“Nanobubbles are the tiniest bubbles you’ve never seen,” says Niall English, a chemical engineering researcher at Univ. College Dublin. With diameters from 50 to 100 nm — less than the wavelength of visible light — nanobubbles are too small to be seen with the naked eye. Yet despite their invisibility, these bubbles have the potential to revolutionize a variety of environmental and industrial processes, including agriculture, wastewater treatment, and ecosystem management.
One of the key properties of nanobubbles is their extremely high surface-area-to-volume ratio. This makes them less subject to the phenomena of buoyancy, meaning they can stay suspended in liquids for long periods of time. While larger bubbles rise to the atmosphere very quickly, nanobubbles have a lifetime of hours or even days.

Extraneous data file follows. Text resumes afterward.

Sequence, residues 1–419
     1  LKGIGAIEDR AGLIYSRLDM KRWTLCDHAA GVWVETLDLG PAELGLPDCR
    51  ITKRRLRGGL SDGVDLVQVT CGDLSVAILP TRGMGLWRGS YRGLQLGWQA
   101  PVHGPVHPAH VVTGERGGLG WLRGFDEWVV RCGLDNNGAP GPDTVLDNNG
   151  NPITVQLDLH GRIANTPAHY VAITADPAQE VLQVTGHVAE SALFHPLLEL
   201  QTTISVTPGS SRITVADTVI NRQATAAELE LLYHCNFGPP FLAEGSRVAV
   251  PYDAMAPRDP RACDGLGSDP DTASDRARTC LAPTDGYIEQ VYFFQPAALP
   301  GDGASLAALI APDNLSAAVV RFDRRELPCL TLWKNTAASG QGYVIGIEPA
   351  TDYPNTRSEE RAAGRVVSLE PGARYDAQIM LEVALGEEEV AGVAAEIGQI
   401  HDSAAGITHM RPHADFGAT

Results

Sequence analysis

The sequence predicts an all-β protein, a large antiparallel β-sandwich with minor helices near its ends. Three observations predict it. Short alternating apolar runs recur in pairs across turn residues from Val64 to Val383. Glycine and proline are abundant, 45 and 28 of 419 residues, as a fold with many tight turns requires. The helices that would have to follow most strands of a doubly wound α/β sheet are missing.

Up until now, these curious bubbles have typically been generated using a method called cavitation, where gas is forced through a membrane at high pressure. But this process has proved both energy expensive and error-prone, whereby the membrane gets fouled and breaks down.
To address these issues, English and his colleagues invented a novel method to generate nanobubbles using...
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